Japan may loosen immigration rules for blue-collar workers

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Japanese rice farmers uses sickles as they harvest rice in a paddy field on September 20, 2015 in Sayo, JapanImage source, Getty Images
Image caption,
Blue-collar workers could be offered visas to work in the farming sector

Japan's cabinet has approved draft legislation to loosen the country's immigration rules.

The relaxed laws would create two new visa categories to allow foreigners in sectors with labour shortages to enter the country.

Japan has restrictive immigration laws and accepts few workers from other countries.

But new rules could allow blue-collar workers in the construction, farming and healthcare sectors to work there.

Workers in the first visa category will be allowed to work in the country for five years, and bring their families, if they have a certain level of skill and some proficiency in Japanese.

Workers with a higher level of skills would qualify for the second visa category and would eventually be allowed to apply for residency.

The draft legislation needs to be approved by parliament and is facing criticism from opposition parties, who have expressed concern about its potential impact on wages and the crime rate.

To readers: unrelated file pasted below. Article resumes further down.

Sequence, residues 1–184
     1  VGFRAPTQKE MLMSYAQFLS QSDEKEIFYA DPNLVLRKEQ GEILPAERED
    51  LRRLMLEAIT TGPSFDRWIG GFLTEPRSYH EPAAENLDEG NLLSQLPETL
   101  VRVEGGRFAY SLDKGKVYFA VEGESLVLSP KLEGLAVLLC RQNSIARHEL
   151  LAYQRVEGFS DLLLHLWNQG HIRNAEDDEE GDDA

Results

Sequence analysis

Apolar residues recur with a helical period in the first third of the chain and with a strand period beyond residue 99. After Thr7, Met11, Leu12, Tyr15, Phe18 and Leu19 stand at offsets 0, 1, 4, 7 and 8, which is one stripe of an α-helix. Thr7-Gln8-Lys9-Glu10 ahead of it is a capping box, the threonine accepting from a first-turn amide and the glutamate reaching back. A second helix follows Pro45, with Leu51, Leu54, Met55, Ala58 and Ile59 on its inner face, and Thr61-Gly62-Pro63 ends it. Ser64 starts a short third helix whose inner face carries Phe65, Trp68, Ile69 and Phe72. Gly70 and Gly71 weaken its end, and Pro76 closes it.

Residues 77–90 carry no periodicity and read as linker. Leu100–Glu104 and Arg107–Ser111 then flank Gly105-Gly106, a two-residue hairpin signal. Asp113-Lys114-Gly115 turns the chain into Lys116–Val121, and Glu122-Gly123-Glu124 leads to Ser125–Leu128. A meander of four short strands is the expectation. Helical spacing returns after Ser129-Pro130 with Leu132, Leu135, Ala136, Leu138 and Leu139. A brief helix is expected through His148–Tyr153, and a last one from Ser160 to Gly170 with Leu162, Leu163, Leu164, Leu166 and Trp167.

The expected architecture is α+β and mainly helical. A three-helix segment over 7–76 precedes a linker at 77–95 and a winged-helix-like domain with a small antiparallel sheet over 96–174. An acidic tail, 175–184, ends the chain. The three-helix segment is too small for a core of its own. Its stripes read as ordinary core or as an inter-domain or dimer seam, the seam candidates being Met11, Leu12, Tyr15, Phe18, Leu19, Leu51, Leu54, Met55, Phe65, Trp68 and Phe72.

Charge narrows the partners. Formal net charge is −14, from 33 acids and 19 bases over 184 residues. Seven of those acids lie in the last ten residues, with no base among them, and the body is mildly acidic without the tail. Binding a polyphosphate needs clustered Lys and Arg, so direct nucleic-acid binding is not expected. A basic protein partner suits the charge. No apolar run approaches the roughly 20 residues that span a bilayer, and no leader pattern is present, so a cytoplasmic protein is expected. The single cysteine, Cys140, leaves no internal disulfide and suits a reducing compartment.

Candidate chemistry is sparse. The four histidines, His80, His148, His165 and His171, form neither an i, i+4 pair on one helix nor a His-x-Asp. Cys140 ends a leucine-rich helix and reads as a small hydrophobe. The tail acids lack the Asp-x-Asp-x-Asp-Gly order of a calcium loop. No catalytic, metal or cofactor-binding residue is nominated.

Population woes

Analysis by Rupert Wingfield-Hayes, Tokyo Correspondent

Japan is a fascinating example of what can happen to a developed country that does not want immigration.

The country's birth rate dropped below 2.1 - replacement level - all the way back in the mid 1970s. It now stands at around 1.4. Add in the world's longest life expectancy (85.5) and you have a problem. You do not have to venture far from Tokyo to see it: schools with empty, silent playgrounds. Rice fields tended by old men with bent backs.

Japan has gradually been letting in more foreign workers. My local convenience store is now staffed entirely by young people from Nepal. But technically they are here as students or "trainees". It's a system wide open to abuse by unscrupulous employers.

I recently met a Vietnamese woman who'd come as trainee. The clothing factory that hired her made her work 14 hours a day, seven days a week. In her first year in Japan she had been allowed only seven days off. It's clear Japan needs foreign labour. It's also clear it needs a proper system to regulate and protect its foreign workers.

Businesses in Japan have long argued for changes to immigration rules to recruit workers from other countries.

But Prime Minister Shinzo Abe has stressed the proposed law is not an overhaul of the country's immigration policy.

Japan will only accept foreign workers "who have specific skills and can work immediately to address serious labour shortages, only in sectors that genuinely need them", he told lawmakers on Thursday.

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